Understanding Herd Immunity

By Chuck Dinerstein, MD, MBA — Jul 14, 2020
As we continue to try and “open up,” much is made of herd immunity. Herd immunity was the putative, underlying rationale for some countries to forgo quarantine and lockdowns. But what exactly do we mean when we talk about herd immunity? 
Image courtesy of David Mark on Pixabay

Infections spread from one susceptible individual to another, a chain of exposures or contacts – it is the basis for track and trace. COVID-19 was a novel virus, and from the viewpoint of susceptibility, humans were a blank slate; it could move with impunity from host to host. Those trails of contact ended for one of several reasons. The carrier fails to transfer the virus to another, because of inadequate exposure or some innate decrease in susceptibility, or because the virus killed its host. Herd immunity describes a chain of transmission were the number of susceptible individuals is so reduced that transfer is more episodic, hit, or miss. Herd immunity is an equilibrium between virus and host – “herd immunity is not a strategy. It is a natural phenomenon that is the default mechanism for achieving interruption of viral transmission.” [1]

While herd immunity is grounded in our biology, it plays out in social or cultural ways. For example, you rarely hear a discussion about herd immunity for the common cold attributed to rhinovirus. The reason is primarily that the common cold doesn’t kill you. Seasonal flu, on the other hand, can kill you. The CDC estimates that there were 35 million cases in 2019, resulting in 34,200 deaths [2]. Like COVID-19, seasonal flu impacts various populations, call them sub-herds, more than others – especially the elderly. 

Here is a tabulation of the incidence, mortality, and vaccination rates for seasonal flu in 2018-19 from the CDC. [2]

In this instance, the “herd” is categorized by age, and as is readily apparent, illness and subsequent mortality vary. More importantly, vaccination rates, the seasonal flu equivalent to masks, social distancing, and hand hygiene vary with the sub herds perceived risk. You see that individual calculation of risk, and choice of prevention, in the data broken out for the 18-49-year-olds, 21% more of the high-risk individuals chose vaccination. That sub-herd instinct to protect itself is also apparent in COVID-19, where Florida’s seniors locked themselves down, at least based upon cell-phone GPS tracking, weeks before the state government acted.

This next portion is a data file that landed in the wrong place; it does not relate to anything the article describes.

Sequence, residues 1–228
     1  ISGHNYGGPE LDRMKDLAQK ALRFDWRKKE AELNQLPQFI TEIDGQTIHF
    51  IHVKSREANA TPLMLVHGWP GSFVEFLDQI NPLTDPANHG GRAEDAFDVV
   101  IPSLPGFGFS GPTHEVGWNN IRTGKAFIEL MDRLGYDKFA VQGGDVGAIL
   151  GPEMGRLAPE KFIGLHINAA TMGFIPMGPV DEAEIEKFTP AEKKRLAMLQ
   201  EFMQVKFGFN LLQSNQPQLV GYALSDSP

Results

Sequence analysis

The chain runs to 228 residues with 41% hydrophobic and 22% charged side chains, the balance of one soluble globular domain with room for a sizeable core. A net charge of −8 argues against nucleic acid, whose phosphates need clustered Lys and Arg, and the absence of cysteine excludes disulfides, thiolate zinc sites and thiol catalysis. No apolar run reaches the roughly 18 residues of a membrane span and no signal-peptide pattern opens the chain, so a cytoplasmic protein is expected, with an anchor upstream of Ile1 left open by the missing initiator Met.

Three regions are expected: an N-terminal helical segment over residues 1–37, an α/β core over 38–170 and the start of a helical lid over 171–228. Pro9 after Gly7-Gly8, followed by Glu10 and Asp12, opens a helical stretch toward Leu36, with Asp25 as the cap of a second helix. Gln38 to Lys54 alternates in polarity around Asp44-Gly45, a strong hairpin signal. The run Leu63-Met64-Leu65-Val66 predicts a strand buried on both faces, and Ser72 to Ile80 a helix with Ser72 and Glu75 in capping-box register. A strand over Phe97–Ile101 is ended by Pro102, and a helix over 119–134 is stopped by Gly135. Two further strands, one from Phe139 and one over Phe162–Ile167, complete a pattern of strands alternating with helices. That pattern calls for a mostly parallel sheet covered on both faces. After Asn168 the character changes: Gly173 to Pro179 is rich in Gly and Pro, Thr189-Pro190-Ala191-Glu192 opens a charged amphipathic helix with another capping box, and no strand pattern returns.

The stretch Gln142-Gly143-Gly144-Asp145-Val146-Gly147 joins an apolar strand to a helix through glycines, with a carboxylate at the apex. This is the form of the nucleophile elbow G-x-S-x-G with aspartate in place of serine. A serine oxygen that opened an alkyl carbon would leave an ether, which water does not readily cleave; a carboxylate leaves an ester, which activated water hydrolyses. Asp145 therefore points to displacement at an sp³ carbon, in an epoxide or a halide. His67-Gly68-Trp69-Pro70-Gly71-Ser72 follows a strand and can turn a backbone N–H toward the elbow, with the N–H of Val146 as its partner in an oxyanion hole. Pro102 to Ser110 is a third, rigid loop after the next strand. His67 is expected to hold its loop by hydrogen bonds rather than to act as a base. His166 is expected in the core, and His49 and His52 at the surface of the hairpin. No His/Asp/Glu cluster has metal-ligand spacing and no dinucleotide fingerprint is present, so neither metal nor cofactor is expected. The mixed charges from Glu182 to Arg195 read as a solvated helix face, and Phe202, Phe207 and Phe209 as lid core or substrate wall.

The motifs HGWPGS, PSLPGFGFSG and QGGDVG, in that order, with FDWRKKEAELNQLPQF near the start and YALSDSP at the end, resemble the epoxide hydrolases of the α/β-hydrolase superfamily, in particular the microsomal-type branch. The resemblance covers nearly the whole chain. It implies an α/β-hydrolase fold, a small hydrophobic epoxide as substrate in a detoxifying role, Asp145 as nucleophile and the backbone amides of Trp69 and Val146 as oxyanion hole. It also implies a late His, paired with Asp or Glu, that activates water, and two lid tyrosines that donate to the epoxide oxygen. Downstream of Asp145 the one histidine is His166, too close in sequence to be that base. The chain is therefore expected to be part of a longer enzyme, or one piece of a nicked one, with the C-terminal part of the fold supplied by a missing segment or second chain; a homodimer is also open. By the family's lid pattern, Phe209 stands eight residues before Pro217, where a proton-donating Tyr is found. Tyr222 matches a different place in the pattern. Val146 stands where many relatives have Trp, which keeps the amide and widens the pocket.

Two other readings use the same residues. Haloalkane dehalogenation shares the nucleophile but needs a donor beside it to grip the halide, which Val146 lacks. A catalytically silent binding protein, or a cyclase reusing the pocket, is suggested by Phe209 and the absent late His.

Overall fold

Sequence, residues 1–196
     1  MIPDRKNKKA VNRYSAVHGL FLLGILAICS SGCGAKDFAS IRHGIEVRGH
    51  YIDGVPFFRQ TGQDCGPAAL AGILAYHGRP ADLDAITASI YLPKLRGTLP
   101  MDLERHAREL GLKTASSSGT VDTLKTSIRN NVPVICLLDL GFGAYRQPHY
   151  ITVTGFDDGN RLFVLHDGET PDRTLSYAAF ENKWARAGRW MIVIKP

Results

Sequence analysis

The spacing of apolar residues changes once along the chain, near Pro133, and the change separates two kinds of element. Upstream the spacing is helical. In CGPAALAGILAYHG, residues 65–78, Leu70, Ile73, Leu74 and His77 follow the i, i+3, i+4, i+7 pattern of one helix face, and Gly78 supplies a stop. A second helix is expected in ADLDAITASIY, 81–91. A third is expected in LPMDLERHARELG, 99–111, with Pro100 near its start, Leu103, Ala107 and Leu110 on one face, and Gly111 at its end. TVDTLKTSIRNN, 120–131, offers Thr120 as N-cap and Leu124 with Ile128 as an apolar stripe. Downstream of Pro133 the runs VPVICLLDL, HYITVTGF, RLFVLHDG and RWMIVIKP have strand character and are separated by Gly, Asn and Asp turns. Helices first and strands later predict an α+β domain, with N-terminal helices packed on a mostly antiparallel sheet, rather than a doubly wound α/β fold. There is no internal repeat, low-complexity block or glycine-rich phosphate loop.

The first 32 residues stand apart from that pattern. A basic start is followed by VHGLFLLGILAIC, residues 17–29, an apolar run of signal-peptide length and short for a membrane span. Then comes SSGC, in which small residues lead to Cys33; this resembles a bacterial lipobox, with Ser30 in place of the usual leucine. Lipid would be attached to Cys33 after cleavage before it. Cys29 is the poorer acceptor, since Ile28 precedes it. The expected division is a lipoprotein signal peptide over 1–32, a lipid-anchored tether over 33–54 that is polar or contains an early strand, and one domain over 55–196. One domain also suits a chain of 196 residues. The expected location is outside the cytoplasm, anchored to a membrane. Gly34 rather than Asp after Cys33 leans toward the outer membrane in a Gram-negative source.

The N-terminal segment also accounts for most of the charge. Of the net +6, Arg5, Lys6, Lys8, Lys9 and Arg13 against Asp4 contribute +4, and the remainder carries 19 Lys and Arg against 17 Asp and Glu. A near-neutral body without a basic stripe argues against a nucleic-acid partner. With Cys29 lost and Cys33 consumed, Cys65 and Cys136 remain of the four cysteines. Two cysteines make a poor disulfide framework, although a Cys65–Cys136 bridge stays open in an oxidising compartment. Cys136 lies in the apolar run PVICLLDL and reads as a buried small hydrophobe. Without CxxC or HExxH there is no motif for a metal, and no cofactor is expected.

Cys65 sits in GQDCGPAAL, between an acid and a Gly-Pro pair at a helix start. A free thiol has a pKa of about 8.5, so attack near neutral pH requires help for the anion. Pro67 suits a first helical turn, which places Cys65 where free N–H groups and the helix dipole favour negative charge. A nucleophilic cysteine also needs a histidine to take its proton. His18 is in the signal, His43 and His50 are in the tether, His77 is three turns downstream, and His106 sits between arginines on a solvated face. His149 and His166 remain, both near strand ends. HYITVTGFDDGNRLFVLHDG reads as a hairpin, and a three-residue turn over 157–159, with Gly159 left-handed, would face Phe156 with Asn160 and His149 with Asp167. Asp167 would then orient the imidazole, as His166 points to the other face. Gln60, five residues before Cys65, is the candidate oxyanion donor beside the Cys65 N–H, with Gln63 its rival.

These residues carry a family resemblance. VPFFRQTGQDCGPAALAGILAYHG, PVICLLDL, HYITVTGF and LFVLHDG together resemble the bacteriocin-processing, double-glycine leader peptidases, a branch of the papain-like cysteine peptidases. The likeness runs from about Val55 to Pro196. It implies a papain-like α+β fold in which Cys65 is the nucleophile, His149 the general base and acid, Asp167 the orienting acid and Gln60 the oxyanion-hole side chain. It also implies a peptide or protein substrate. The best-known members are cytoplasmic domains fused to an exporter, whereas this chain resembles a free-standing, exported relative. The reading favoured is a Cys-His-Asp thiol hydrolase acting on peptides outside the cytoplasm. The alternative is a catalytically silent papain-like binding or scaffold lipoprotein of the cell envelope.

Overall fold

My point is that the “herd,” especially in the media, is thought of as a monolith, when in fact, it is an aggregate of many smaller herds. Herds that can be divvied up by age, or ethnicity, job, or income, which are, in fact, only categories, social-scientific constructs, for infectiousness, susceptibility, and transmission. An across-the-board shutdown was the right call when we had no reliable information because it created the space to begin to see how COVID-19 attacks. A one-size-fits-all approach is no longer the best way forward.

To answer how we return to a social normal, the question is not between your physical and mental health on the one hand and your financial health on the other – while valid, it is a false choice. The answer lies in how we can most safely protect our populations, and that requires herd immunity. Until herd immunity can be enhanced by a vaccine or mitigated by anti-viral therapy, the way forward may well mean identifying the sub-herds with the least to lose and letting them chose their way forward. It also means identifying conditions that would harm the sub-herd. For example, bars where the environment is similar to the acknowledged heightened risk of meatpacking factories, cold with close quarters, need to be off-limits or intelligently restrained. 

Among the more pressing concerns is reopening schools. In this setting, there are two distinct sub-herds, students and teachers. The seasonal flu table shows that despite very low mortality, parents are very sensitive to their children’s risk – look at those vaccination rates. Even when mortality drops by two-thirds, vaccination rates drop only by a third. As for the teachers, they too want assurances against risk – after all, the brochure on being a teacher didn’t mention a threat to their lives. So maybe we might consider a blended experience for them as well, with those at most significant risk going virtual while the rest of the staff remains physical.  For those interested in the evidence for school reopening you can find a deeper dive here.


[1] COVID-19: Yin and Yang and Herd Immunity. Disaster Medicine and Public Health Preparedness DOI:10.1017/dmp.2020.229 

[2] Estimated Influenza Illnesses, Medical visits, Hospitalizations, and Deaths in the United States — 2018–2019 influenza season



Chuck Dinerstein, MD, MBA

Director of Medicine

Dr. Charles Dinerstein, M.D., MBA, FACS is Director of Medicine at the American Council on Science and Health. He has over 25 years of experience as a vascular surgeon.

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